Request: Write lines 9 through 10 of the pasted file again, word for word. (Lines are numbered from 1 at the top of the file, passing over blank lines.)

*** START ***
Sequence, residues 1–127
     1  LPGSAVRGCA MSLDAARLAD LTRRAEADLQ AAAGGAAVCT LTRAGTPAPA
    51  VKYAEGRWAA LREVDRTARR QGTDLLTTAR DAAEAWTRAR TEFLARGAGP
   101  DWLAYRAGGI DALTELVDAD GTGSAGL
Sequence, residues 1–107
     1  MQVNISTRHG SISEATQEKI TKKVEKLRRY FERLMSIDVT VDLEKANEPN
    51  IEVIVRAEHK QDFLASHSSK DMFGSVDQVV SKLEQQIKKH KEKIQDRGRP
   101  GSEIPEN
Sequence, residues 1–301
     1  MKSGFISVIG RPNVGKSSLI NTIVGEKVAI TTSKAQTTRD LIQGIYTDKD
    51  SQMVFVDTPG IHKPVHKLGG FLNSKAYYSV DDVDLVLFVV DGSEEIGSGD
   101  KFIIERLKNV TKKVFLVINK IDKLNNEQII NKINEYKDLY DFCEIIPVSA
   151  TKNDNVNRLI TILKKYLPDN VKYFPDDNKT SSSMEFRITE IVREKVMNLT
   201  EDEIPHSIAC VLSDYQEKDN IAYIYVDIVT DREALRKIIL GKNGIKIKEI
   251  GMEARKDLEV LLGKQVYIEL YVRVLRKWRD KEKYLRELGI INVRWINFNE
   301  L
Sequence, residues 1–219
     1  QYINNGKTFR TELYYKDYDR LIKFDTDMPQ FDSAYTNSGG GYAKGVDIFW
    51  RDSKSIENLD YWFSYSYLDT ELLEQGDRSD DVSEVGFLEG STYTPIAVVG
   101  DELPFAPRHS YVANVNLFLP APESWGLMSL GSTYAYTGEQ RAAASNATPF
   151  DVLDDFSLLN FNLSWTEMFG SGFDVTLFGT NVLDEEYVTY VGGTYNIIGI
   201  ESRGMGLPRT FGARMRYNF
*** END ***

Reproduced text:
Sequence, residues 1–301
     1  MKSGFISVIG RPNVGKSSLI NTIVGEKVAI TTSKAQTTRD LIQGIYTDKD